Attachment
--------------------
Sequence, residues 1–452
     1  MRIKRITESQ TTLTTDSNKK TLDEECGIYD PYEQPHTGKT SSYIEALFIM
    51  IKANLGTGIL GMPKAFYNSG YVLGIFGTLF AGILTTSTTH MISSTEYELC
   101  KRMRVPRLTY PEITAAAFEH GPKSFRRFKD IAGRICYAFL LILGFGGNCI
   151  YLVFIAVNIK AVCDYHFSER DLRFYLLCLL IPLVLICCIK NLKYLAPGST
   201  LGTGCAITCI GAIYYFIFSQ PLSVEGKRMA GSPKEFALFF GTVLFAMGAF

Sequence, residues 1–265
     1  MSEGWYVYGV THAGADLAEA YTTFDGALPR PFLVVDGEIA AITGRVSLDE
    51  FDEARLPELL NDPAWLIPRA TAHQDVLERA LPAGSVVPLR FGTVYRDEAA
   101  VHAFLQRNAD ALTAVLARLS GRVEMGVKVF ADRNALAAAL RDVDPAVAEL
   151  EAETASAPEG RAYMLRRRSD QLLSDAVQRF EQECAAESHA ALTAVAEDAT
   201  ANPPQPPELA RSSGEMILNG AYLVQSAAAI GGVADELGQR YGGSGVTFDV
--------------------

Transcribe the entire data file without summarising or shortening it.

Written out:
Sequence, residues 1–452
     1  MRIKRITESQ TTLTTDSNKK TLDEECGIYD PYEQPHTGKT SSYIEALFIM
    51  IKANLGTGIL GMPKAFYNSG YVLGIFGTLF AGILTTSTTH MISSTEYELC
   101  KRMRVPRLTY PEITAAAFEH GPKSFRRFKD IAGRICYAFL LILGFGGNCI
   151  YLVFIAVNIK AVCDYHFSER DLRFYLLCLL IPLVLICCIK NLKYLAPGST
   201  LGTGCAITCI GAIYYFIFSQ PLSVEGKRMA GSPKEFALFF GTVLFAMGAF

Sequence, residues 1–265
     1  MSEGWYVYGV THAGADLAEA YTTFDGALPR PFLVVDGEIA AITGRVSLDE
    51  FDEARLPELL NDPAWLIPRA TAHQDVLERA LPAGSVVPLR FGTVYRDEAA
   101  VHAFLQRNAD ALTAVLARLS GRVEMGVKVF ADRNALAAAL RDVDPAVAEL
   151  EAETASAPEG RAYMLRRRSD QLLSDAVQRF EQECAAESHA ALTAVAEDAT
   201  ANPPQPPELA RSSGEMILNG AYLVQSAAAI GGVADELGQR YGGSGVTFDV